“There’s never been a more important time to overcome evil by doing good.” This was the message I grew up with in the land of the midnight sun in Norway, in the most peaceful corner of the world. Little did I know that I years later would experience the urgency of doing good firsthand with the horrific traumas affecting Yazidi women who came out of ISIS captivity.
The Yazidis are a minority group living mainly in Iraq, Syria and Armenia. They have their own religion consisting of a mix of Islam, Christianity, Hinduism. According to their elders, through history they have experienced 74 genocides. Most of the Yazidis live in the northern Iraqi town of Sinjar.
The killing and abduction of thousands of Yazidi men, women and children in Sinjar by the Islamic State of Iraq and Syria (ISIS) in August 2014 led to a mass displacement of the whole Yazidi community in northern Iraq.
Around 300 000 Yazidis are now shattered in displacement camps across the northern region. Unable and unwilling to go home many are uncertain where to turn for help. According to some sources, approximately 3000 women and children are still missing. There has to this day not been any significant attempt to bring the perpetrators to justice.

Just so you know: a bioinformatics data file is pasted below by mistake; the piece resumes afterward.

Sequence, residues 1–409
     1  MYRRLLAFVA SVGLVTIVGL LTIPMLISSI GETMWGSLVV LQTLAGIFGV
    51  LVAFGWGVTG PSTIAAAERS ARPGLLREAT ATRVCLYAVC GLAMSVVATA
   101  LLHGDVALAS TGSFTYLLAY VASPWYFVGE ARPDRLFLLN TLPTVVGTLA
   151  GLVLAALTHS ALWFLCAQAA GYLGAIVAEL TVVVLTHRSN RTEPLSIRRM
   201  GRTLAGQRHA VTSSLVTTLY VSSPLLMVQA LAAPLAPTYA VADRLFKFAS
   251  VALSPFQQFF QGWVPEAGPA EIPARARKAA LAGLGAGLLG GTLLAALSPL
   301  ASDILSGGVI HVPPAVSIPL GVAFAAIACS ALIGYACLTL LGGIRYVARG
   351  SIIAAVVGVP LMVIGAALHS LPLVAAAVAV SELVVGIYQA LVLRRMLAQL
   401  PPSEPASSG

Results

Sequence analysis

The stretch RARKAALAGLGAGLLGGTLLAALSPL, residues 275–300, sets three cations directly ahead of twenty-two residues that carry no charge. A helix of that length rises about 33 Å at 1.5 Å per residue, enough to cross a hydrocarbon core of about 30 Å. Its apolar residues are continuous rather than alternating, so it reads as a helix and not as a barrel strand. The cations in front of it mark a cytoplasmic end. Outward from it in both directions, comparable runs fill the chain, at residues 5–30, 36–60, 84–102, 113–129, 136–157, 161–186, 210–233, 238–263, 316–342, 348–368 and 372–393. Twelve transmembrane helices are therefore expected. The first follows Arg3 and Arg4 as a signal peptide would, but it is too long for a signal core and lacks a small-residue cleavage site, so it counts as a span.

Most Yazidi women were kept in Raqqa in Syria or Mosul in Iraq where they were taken to slave markets and sold. Some women and girls managed to escape from their captors. Some walked for days. Some put sleeping pills in the food of the captors and could run away. All were traumatised by the violence they experienced.
These photos are of the women and children I met in the city of Dohuk in Iraq. I was working at a local centre providing psychosocial support to former ISIS captives. We provided a six-week programme - lots of care and kindness. Between 2015-2017, around 200 women and children received treatment at the centre.
"If ISIS could see us now, they would cry because now we have hope again."
The photos are stories of hope. Of extreme kindness that heals the scars of extreme evil. Of Father Joseph Ibrahim who gave refuge to Christian families fleeing from Mosul. Of learning to live again. Of dealing with collective trauma while waiting for news about other family members.
Gry has lived and worked in Palestine/Israel, Sudan, Egypt, Pakistan and Northern Iraq. She has been working with coordination of humanitarian aid. Today she lives in the south of Norway while conducting her field of work in integration of refugees, cross-cultural issues and identity in diaspora.
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